It seems as if the controversies conceal two very important aspects of his work, that in my opinion should be taught in the different design schools: his phenomenal ability to combine image and text, and his rear talent in editing.
I don’t know any other Israeli poster designer who managed to create a combination that is not prettified and fake (therefore “creative”), but simple and direct in its honesty – between a ready made image and the right word in a new, surprising context.
The success of this book lies in the precise editing. There are only a few editors who can create a strong narrative through a design book, fewer are those who can edit… themselves. Mere images- from the “sweet” images of “A wonderful country” and “A different country”, through the peace posters, the “Peace now” logo, the occupation posters and the Gilad Shalit poster (“What else will you ask from us, homeland”) – Tartakover creates a precise and tight narrative, as if he was a well experienced director, and he concludes with text, for the Tarta fans.
One of the most fascinating and extensive publications on Hebrew typography of the recent years was released in the Czech Republic, in English (and translated to Czech).
The 25th issue of Typo magazine was released in February 2007 and was fully dedicated to trend reviews of contemporary Hebrew typography and to font design in Israel. This issue, contains articles written by the Israeli designers Oded Ezer, Yanek Iontef, Adi Stern and Yehuda Hofshi, and an article by the British John D. Berry.
Throughout the 7 years in which I studies, analyzed and compared Hebrew and foreign fonts within my work on creating the infrastructure for the newspapers Hadashot and Maariv (1981-1987), I found the font Frank-Rühl, that is widely used in the daily press, to be the heaviest, darkest and most congested of all the fonts used in arranging dozens of daily newspapers I examined in Europe, Asia and America.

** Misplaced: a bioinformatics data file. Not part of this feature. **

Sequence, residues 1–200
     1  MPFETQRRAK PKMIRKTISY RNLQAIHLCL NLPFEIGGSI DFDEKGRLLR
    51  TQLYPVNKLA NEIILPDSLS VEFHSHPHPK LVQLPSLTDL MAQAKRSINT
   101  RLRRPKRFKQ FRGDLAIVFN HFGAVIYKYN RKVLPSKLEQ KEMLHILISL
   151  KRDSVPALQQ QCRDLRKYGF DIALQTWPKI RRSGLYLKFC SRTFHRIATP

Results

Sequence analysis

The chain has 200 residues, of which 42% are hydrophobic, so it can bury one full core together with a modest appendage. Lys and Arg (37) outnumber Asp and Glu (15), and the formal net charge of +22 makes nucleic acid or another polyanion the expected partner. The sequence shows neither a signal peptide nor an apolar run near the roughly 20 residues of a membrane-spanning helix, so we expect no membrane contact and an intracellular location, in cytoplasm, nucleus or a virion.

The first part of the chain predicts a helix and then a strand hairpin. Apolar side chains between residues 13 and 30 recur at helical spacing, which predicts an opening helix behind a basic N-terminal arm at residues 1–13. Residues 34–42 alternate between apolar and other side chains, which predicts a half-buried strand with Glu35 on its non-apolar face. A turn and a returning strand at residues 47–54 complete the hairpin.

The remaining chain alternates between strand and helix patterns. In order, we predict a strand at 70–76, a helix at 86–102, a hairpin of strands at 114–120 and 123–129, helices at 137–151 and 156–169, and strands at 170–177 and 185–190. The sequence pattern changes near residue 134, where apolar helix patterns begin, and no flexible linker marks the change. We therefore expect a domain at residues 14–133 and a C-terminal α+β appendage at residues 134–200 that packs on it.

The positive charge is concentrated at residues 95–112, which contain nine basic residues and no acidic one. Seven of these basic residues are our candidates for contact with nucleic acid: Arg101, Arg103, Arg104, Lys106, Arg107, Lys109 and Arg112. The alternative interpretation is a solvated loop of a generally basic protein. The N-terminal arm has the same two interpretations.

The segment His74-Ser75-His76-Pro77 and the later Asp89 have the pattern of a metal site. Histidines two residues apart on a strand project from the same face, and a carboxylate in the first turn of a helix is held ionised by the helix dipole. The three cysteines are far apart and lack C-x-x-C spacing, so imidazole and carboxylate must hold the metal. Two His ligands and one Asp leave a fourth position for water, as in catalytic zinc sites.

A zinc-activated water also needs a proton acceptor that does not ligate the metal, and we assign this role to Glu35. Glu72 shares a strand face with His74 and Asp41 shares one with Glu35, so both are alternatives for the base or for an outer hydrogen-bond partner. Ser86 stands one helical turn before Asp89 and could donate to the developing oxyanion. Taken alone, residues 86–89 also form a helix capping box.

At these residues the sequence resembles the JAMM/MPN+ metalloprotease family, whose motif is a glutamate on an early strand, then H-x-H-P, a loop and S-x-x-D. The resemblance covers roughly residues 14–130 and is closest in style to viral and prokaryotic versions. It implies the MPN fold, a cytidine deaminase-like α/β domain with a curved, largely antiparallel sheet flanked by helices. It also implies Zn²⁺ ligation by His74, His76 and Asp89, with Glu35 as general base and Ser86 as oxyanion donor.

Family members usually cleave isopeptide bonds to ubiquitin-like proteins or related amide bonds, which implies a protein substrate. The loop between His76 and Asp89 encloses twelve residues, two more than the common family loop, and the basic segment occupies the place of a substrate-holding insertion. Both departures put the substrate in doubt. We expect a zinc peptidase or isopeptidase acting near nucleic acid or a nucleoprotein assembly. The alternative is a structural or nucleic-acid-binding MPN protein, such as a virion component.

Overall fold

The reason that Frank-Rühl (the most easy to read, and most suitable for arranging large amounts of text) became congested and tiresome, is inherent in the failed conversion from cast letters and photographed sequences, to a digital font. The one in charge of the conversion process (a man named Guttman), had the technical skills but unfortunately, lacked understanding of typography. Most of the letters converted from cast and photography to a computerized font, were distorted and lost their quality and readability.
In my search for a font compatible for arranging text, that could reduce blackening of the hands holding the newspaper, that would be light, pleasant and readable, I found that Narkiss letters address these needs. narrowing the font to 87% resulted in the optimal outcome for me. The benefits I found using Narkiss font on paper, are applicable to the future screen as well, and makes it the ideal font for arranging text in the digital space.
Hadassah, which I consider to be the best modern Hebrew font, may also be used as a suitable text font for the new screens. Unlike Narkiss, Hadassah’s computerized version requires a lot of work to repair the distortions caused in the transition from cast to digital letters and to restore the original version designed by Henry Friedlander in the middle of the previous century.
Creating up-to-date quality versions of the Frank-Rühl font in its various weights, is in my opinion, the most important and most essential task of all. As the letters of TIMES ROMAN font in its many versions, were and still are the most common text font in typography design, and receives up to date attention, the same should be held with Frank-Rühl letters.